Are you unplugged? It's Friday morning and soon Shabbat will be here. I'll light the candles and we'll go to friends for dinner and tomorrow to services and to lunch (I'm bringing part of it). Later we're going to another home to be part of what they call a "shabbat hangout" where the kids all play and the parents (and their older friends, like us) talk, and study and enjoy the peace of 24 hours of an unplugged, non-electric, non-driving, non-cooking, non-working life.*
We started living this way five years ago, as I've often documented here (I dare you to read this one about observant Judaism and Patti Smith), and now it seems that others -- many of them cool hipster digital types, -- are looking to do the same. Take a look.
Over these years I've struggled with keeping kosher, with the role of women, and with much else. But there are moments of such beauty and meaning that I find myself spinning - knowing why I'm here and wondering at the same time.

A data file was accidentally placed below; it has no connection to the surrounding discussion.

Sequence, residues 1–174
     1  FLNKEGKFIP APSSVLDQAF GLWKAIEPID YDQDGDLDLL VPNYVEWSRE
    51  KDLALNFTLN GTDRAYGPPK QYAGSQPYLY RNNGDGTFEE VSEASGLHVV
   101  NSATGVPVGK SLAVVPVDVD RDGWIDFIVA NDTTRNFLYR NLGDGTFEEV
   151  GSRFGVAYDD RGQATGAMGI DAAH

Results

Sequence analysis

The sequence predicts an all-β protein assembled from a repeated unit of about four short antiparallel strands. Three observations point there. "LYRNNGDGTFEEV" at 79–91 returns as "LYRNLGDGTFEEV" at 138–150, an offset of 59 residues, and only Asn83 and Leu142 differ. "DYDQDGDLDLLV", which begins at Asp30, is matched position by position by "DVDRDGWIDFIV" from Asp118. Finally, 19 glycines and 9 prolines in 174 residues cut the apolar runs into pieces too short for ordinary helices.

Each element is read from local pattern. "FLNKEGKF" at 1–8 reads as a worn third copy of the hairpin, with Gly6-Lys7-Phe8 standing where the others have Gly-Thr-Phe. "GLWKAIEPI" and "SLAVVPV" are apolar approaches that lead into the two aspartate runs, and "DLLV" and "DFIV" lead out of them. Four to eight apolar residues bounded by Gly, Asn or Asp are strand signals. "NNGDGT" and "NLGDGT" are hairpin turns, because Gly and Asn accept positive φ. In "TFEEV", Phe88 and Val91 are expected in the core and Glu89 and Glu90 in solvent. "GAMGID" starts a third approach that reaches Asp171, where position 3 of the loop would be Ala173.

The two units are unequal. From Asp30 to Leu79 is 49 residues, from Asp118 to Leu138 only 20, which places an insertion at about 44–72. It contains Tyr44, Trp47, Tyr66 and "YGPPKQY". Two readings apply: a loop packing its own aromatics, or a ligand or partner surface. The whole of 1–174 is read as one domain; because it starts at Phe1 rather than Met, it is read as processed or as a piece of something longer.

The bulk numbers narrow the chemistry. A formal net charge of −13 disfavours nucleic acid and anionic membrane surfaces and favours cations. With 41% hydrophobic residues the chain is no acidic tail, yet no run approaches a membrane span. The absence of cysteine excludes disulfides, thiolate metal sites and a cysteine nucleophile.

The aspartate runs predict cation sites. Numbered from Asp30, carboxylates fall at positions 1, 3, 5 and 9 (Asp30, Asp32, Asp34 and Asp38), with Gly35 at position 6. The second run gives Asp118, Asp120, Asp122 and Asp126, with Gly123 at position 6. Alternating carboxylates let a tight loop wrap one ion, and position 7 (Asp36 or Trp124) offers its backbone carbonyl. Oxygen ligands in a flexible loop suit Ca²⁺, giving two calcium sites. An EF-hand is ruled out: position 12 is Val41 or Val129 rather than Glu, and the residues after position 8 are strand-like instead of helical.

I've always been Progressive; worked in the anti-war movement and the McCarthy campaign - and was in Chicago at the 1968 convention, and when I first found observant Judaism and Shabbat, it felt counterintuitive. Too many rules. Sometimes it still does.
But the reason why Unplugged is so great is that when you start, you think Shabbat will be what you hate. No more errands or Saturday manicures or movies. No phone calls or emails or web wandering.
And then you unplug. And even if - as I suspect will be true for many - you don't go the way we went and adopt (almost) the entire package, you find the peace of what Josh Foer, in the video, calls this "ancient" idea, and are grateful for it. And for the people around you -- IRL -- close, and easy and at peace.
*OK I admit it. I'm really glad the health care vote is on Sunday; if it had been on Saturday it would have been a real pain.